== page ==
Over the weekend the husband and I attended the 15th annual Commonwealth Dinner in Richmond, Virginia. The event is Equality Virginia largest fundraiser of the year and includes numerous elected officials - Republicans uniformly boycott the event - and LGBT activists and supporters from across Virginia. At the event, one sees LGBT individuals and couples of various generations from Virginia's urban areas as well as those from rural areas that are less than LGBT accepting. In addition to a uniform desire to make Virginia a more open and accepting state, the attendees have one other thing in common: we are all uniformly hated by white Christian nationals and their gun loving neo-Confederates. Indeed, if one follows both self-styled: Christian" family values organizations and the the NRA and its strident supporters one thing is almost immediate observable: almost everyone in these groups is white. Another common characteristic is that these people insanely believe that they are being subjected to persecution and oppression by those they deem "other." The Trump/Pence regime has courted the underlying hatred of these far right whites, but, in truth, the racism long predates the rise of Trump as noted by a piece in Religion Dispatches. Here are article highlights:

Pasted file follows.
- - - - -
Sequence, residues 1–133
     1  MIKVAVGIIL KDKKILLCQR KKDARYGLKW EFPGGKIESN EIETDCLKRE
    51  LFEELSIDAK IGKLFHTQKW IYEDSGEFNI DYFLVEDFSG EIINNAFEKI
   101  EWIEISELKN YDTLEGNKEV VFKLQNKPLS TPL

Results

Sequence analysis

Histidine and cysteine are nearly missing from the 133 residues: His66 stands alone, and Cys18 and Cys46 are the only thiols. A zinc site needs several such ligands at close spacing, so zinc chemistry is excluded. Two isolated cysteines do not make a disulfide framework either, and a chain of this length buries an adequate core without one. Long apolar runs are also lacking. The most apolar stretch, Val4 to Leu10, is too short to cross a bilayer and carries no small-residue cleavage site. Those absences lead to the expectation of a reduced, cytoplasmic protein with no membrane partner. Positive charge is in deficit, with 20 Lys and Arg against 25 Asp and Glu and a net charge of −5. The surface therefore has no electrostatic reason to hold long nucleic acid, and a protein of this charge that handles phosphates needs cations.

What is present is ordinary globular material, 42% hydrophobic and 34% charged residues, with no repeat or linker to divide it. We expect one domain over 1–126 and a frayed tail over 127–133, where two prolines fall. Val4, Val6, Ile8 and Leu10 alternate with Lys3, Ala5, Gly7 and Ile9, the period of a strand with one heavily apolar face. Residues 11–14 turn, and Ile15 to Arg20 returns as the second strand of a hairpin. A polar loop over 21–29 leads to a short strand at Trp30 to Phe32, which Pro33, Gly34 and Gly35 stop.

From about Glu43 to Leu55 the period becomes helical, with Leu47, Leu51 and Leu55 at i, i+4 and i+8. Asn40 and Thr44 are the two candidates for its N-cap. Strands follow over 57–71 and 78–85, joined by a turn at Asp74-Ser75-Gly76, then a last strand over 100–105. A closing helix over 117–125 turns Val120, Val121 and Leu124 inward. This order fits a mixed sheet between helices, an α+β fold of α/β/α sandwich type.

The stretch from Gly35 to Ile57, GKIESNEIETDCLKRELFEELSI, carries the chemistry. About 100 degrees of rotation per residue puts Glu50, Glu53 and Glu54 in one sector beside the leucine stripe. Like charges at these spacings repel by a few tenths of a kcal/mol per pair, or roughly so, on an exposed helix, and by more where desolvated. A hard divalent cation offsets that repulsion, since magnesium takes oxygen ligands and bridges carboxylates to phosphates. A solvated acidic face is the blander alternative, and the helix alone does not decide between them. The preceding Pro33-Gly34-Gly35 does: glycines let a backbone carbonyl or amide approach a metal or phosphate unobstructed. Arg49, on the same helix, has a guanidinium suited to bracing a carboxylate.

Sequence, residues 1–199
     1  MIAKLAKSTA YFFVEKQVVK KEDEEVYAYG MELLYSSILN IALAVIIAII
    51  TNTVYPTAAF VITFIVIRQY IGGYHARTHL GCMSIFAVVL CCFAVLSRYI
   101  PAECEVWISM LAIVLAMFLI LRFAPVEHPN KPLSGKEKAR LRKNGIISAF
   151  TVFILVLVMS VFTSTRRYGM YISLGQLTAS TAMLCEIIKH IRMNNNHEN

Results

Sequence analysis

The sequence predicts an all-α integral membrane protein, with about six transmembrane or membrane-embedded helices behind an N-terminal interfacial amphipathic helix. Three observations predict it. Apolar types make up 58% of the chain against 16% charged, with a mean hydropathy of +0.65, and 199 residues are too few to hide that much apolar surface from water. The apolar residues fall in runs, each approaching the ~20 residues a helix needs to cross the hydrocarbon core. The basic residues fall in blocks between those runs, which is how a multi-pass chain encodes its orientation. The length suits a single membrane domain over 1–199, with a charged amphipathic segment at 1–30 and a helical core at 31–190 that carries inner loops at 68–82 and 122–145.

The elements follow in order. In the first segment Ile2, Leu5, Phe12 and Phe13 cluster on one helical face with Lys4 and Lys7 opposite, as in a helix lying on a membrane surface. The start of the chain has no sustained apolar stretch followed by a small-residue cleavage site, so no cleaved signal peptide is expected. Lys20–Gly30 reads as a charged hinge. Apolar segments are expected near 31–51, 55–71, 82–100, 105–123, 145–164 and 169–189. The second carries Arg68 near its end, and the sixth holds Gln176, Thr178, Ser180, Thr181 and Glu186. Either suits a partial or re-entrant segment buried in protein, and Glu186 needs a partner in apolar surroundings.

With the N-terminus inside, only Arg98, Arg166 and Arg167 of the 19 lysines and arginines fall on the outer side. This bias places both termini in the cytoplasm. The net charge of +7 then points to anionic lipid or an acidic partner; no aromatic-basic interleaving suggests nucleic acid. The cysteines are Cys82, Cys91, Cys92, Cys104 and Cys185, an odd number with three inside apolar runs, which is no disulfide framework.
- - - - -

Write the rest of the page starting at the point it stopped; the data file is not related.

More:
The idiosyncratic pantheon of Trump administration staffers continues its exodus, a stream of comic book villains exiting stage right. The combination of venality, incompetence, and pathological narcissism, however, remains. And the world lives in the Trump era’s bubble of strangely dilated time: everything agonizingly slow—and bewilderingly fast.But for all the post-mortems on the 2016 election, for every Hillbilly Elegy that says to white rage “I feel your pain,” or every column wondering how evangelicals can tolerate Stormy Daniels, there’s a larger diagnosis that Americans need to undertake. A frank assessment of the conditions enabling Trump’s election—and I’m not talking here about Russia and the UAE—means that we look squarely at the tendency of Americans to invest more in “authenticity” than capability, and to combine this with a paranoia that long predates Trump. At the center of this venerable right-wing fantasy (and it does provide the right with subversive pleasure) is the idea that without a “straight talker” to cut through the BS, the state will come for our guns and our freedom of religion.